Picture Books to Teach Perspective
Frank and Laverne by Dave Whamod and Jennifer Stokes, illustrations by Dave Whamod
This book perfectly captures the differences between cats and dogs. It’s two different stories (flip the book to start the second story)– one told from the irritated cat’s perspective and the other from the loving dog’s. These classic opposites will have very distinct takes on life which kids will love.
They All Saw a Cat by Brendan Wenzel
Use this beautiful book to talk about perspective. The cat walks through the world. And is seen by different creatures, each who sees the cat differently depending on their background knowledge. It’s SUCH a cool book on point of view, especially for classrooms. LOVE.
Duck! Rabbit! by Amy Krouse Rosenthal, illustrated by Tom Lichtenheld
Have you seen this visual mind-bender? What are you seeing– a duck or a rabbit? Two off-screen characters have a conversation about the illustration which encourages us as readers to consider each person’s opinion and flip the image in our minds. Which is it? Can you pick?
Elephant in the Dark based on a poem by Rumi, retold by Mina Javaherbin, illustrated by Eugene Yelchin
The True Story of the Three Little Pigs by Jon Scieszka, illustrated by Lane Smith
You’ve only heard this story from the perspective of the pigs. Now the wolf tells his side of the story! It’s hilarious as it deftly shows children how the story we are told depends on the narrator. I see this applicable in not just our English classes but also in History.
It’s Not Jack and the Beanstalk by Josh Funk, illustrated by Edwardian Taylor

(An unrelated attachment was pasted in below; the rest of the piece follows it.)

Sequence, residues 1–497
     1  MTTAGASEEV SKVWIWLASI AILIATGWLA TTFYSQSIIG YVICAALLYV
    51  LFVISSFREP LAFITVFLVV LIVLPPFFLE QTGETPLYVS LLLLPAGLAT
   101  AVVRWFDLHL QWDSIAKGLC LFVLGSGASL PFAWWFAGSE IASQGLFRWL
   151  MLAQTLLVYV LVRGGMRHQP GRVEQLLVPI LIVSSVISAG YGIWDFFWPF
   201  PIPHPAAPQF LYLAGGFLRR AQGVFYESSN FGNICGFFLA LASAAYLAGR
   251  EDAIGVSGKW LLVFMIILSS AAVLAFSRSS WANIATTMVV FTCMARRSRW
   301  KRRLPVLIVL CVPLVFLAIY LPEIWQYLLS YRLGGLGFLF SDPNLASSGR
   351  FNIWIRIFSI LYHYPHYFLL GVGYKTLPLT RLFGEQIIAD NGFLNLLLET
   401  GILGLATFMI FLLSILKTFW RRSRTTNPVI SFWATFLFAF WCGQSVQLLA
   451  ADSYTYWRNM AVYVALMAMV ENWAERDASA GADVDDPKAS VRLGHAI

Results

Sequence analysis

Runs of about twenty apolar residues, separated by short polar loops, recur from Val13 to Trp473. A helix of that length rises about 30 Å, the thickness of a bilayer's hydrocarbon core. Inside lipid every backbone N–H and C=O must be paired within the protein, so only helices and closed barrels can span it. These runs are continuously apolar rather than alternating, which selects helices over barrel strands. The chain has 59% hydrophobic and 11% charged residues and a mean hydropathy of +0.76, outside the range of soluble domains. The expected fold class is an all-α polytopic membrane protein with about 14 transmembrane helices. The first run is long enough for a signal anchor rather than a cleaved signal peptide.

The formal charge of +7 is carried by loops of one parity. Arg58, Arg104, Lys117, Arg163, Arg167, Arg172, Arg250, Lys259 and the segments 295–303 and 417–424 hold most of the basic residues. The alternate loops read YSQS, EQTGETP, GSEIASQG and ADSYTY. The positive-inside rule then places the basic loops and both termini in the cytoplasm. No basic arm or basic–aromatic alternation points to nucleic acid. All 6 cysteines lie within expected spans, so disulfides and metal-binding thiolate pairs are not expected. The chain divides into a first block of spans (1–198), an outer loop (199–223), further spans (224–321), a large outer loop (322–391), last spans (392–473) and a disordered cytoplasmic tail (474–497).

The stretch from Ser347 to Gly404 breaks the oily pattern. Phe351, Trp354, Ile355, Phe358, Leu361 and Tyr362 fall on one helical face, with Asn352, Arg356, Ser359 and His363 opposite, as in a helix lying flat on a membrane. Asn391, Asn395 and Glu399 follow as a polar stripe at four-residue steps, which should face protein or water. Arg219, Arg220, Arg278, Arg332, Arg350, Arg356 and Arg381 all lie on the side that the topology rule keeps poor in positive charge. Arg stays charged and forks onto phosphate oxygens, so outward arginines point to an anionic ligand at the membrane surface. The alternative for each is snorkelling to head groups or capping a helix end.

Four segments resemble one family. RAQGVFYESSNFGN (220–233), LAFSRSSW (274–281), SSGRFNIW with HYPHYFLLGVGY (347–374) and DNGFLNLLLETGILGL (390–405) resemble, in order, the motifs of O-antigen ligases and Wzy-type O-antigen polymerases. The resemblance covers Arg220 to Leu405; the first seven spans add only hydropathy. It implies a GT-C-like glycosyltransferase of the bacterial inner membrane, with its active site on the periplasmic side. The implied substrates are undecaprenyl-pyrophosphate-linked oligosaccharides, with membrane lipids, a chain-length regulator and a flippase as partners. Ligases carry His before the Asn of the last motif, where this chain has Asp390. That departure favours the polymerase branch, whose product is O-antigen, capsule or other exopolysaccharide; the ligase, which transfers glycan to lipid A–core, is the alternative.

I Will Fight Monsters for You by Santi Balmes, illustrates by Lyona
It’s a parallel story of a young girl and a young monster who are both frightened about sleeping because of fears about each other. Can the little girl and monster come together and see each other as something not scary?
Breaking Cat News: Cats Reporting on the News that Matters to Cats by Georgia Dunn
These are hilarious, tongue-in-cheek cartoons of cats reporting the very latest news from their oh, so news-worthy lives. As you can imagine, they report breaking news about empty food bowls, the best sunspots, and the vacuum cleaner’s return as well as life’s many mysteries. Good stuff, right?! What would the humans think about these same events?
Snappsy The Alligator Did Not Ask to Be in This Book by Julie Falatko, illustrated by Tim Miller
Snappsy doesn’t agree to be in this story so much of the story is spent arguing with the busy-body narrator. Very funny.
The Catawampus Cat by Jason Carter Eaton, illustrated by Gus Gordon
A small gray cat walks into town slightly tilted to one side. At first they townspeople tried to straighten him out but that didn’t work. What did work was for the people to tilt and notice life differently? Which created all sorts of wonderful, happy results for everyone. You’ll walk (and see life) a little differently after reading this super special slanty picture story!
The Cat Who Lived with Anne Frank by David Lee Miller and Steven Jay Rubin, illustrated by Elizabeth Baddeley
The story of Anne Frank is familiar to adults but pretty heavy to introduce to children. However, this picture book is a kid-appropriate introduction to Anne Frank’s story through the perspective of a cat.
Wagons Ho! by George Hallowell and Joan Holub, illustrated by Lynne Avril
Side by side are the stories in diary and scrapbook form of two girls who move from Missouri to the west. One story takes place in 1846, the other, now. It’s a fascinating comparison of what is the same and what is different from each girl’s different setting.